Monday, September 8, 2014

Vertigo: America's Lost Future

Lynd Ward’s Vertigo is a graphic novel that weaves a complex story focusing on three main characters and their independent yet related struggles during America’s darkest economic time, the Great Depression. Ward makes use of dark yet descriptive imagery to tell an intricate tale of love, loss, and struggle that delivers powerful messages on humanity and the American dream.  The illustrator provides an introduction to the story through a speech on the brief history of America in the 1929 section of the novel. This brief, picture history illustrates America’s lost future.

The speech emphasizes the hard work, struggle, and progress that occurred from America’s beginnings to more current times. The brief history itself stresses hard work, specifically that of the individual in nearly every image. From the man plowing the field to the construction of the railroads, to the ascendance of skyscrapers, each picture shows a man hard at work, building. They are building towards a bright future. Notice the image after the skyscraper scene. It is a man standing on a hill overlooking a successful society with the sun illuminating everything. It is the future that would have been.
A major symbol prevalent in the 1929 section is the star. A star (or stars) appears in a large number of scenes. It first appears when the father and daughter leave their house (after retrieving his hat). It symbolizes the bright future, the right path, and stability. Its appearance in front of the ship, during the couple’s walk, their future-telling scene, and finally the stars extinguishment during the storm (a symbolic gesture towards the bleak future) all support the stars being a symbol of the future and stability.

Another major symbol of subtle importance, related to the history scenes, is the carnival and roller coaster. As mentioned previously, a storm rains on the splendor of the couple’s night, symbolizing the downfall of their future. However, the couple’s relationship is emphasized around the carnival.  They are shown dancing in front of the roller coaster, and the man proposes at the carnival. Thus, the carnival and roller coaster begin as a symbol of happiness and hope for the future, and end, in the last scene of novel, as a symbol of the trial and tribulations encountered by the man and woman, and the spoiling of the bright future.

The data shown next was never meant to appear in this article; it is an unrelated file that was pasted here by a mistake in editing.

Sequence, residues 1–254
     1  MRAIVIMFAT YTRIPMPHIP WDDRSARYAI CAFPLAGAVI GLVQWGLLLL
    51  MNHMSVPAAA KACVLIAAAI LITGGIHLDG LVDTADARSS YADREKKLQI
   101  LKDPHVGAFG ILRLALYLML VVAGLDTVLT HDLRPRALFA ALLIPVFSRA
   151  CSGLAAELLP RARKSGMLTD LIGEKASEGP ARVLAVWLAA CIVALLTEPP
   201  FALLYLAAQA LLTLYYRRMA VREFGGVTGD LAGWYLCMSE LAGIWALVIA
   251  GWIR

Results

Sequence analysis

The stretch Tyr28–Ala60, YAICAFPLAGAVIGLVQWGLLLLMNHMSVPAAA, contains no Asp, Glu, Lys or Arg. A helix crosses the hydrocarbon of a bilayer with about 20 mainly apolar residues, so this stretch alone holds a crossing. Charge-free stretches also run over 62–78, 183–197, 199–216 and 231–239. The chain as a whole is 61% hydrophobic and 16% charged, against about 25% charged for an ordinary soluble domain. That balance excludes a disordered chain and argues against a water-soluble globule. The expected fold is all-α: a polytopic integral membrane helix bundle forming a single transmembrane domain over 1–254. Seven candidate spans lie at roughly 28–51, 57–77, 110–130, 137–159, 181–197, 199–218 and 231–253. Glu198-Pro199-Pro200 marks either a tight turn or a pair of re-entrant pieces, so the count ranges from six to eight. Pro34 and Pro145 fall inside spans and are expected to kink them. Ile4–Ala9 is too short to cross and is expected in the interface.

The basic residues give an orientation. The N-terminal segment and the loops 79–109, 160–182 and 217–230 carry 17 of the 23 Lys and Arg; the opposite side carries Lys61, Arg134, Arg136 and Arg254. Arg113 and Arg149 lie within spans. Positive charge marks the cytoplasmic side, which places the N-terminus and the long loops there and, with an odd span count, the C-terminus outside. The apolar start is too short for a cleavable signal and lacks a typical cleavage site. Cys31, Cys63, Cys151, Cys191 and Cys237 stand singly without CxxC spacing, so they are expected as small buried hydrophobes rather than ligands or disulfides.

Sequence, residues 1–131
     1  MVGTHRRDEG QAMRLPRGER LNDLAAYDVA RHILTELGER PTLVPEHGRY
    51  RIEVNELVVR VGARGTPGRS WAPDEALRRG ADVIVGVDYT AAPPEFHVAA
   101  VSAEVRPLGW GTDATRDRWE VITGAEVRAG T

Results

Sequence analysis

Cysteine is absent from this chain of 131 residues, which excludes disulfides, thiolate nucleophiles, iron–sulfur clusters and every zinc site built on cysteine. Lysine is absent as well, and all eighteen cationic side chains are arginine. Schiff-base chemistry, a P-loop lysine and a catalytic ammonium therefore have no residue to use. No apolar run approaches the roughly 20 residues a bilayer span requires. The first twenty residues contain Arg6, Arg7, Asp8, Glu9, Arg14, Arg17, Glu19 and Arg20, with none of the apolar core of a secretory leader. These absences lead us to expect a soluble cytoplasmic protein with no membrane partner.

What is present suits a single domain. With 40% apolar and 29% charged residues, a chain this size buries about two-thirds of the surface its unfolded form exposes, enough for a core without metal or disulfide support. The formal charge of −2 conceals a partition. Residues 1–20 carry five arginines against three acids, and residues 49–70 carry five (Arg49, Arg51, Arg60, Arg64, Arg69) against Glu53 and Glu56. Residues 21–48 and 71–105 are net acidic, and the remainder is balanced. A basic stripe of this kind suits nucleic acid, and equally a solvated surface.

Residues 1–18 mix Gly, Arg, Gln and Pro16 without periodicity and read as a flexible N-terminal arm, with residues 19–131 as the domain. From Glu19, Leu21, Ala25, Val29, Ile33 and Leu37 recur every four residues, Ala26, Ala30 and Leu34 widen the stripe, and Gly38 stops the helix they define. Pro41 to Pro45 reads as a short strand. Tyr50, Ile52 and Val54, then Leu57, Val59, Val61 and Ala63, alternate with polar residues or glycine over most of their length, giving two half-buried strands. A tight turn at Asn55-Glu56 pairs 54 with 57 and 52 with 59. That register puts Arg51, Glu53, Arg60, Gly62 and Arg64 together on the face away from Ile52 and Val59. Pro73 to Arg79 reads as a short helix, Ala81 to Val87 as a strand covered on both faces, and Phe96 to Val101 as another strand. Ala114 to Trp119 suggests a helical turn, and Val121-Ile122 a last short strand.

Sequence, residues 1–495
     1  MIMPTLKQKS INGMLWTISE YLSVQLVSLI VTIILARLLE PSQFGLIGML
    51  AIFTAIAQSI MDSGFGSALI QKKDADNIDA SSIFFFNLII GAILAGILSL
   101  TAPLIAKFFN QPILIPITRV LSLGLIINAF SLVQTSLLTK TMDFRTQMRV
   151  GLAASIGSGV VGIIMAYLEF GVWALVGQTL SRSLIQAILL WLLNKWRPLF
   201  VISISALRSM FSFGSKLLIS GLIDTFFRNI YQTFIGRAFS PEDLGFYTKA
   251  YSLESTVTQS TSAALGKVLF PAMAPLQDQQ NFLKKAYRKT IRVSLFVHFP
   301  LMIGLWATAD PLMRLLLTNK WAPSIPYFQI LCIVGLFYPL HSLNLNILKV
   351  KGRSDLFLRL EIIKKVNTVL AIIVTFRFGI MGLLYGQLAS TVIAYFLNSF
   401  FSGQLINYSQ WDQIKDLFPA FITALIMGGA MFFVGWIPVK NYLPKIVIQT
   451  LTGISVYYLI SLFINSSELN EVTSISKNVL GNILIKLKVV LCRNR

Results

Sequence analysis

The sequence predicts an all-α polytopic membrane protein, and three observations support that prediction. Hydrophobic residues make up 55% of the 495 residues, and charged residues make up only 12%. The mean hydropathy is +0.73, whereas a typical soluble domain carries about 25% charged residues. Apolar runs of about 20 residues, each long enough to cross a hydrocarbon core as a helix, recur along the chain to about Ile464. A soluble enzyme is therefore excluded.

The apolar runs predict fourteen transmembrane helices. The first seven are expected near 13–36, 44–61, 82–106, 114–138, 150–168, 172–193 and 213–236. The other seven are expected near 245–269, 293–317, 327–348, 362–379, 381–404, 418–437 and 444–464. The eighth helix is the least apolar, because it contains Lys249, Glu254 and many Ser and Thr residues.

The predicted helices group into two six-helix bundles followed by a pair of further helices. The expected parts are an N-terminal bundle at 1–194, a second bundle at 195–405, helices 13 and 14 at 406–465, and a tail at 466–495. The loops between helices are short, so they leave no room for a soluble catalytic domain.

The brief history at the beginning of Lynd Ward’s Vertigo symbolizes the lost future of America. The imagery contained in the speech itself, the use of stars, and the preceding images of the roller coaster and carnival all support this assertion. The novel depicts the Great Depression’s vast affect on America’s future, a future that while once bright, is reduced to a shadow of its former self.


  1. In your second paragraph, you explain well what the speech symbolizes as a whole, however I feel like you can expand on what the transition of images through the introduction speech represent, possibly to the audience in the novel. As well as how the speech may have been interpreted through the boy or girl’s point of view. You describe the speech with good detail, but possibly the addition of other symbolic elements in the speech images would aid your argument.

    I liked your segment on the meaning of the star, and found it helpful to recount the locations of the stars in one section to help remember not only what scenes they occurred in, but how those scenes are related. I think it would be beneficial to expand on the discussion of the star, and the implications of the stars disappearance in the novel and how that impacts the novels tone and meaning.

  2. Your introduction mostly reads like pure padding, but this line is good: " This brief, picture history illustrates America’s lost future." I'm not crazy about this as a final argument, because there's a degree of obviousness to it, but it's a fine summary of what Ward is doing here - you just could have cut out some of the filler.

    The second paragraph is close to being a better version of the first one - you're saying the same thing, more or less, but demonstrating it rather than being general. These two paragraphs should have been one, but otherwise they could be a reasonable introduction to a hopefully more focused claim.

    Your discussion of the stare and the carnival/roller coaster are both ok. What's missing here is an argument that brings these two symbols (as you call them) together. I think what you should be doing is arguing that Ward is showing how the roller coaster has replaced the star as the proper image of the American future - and hopefully you would be able to extend that farther, by showing how we should *respond* to the one replacing the other.

    Overall: You focus on important images, and cover them reasonably well, but although you're moving toward a coherent argument it isn't there yet, and there's too much filler along the way.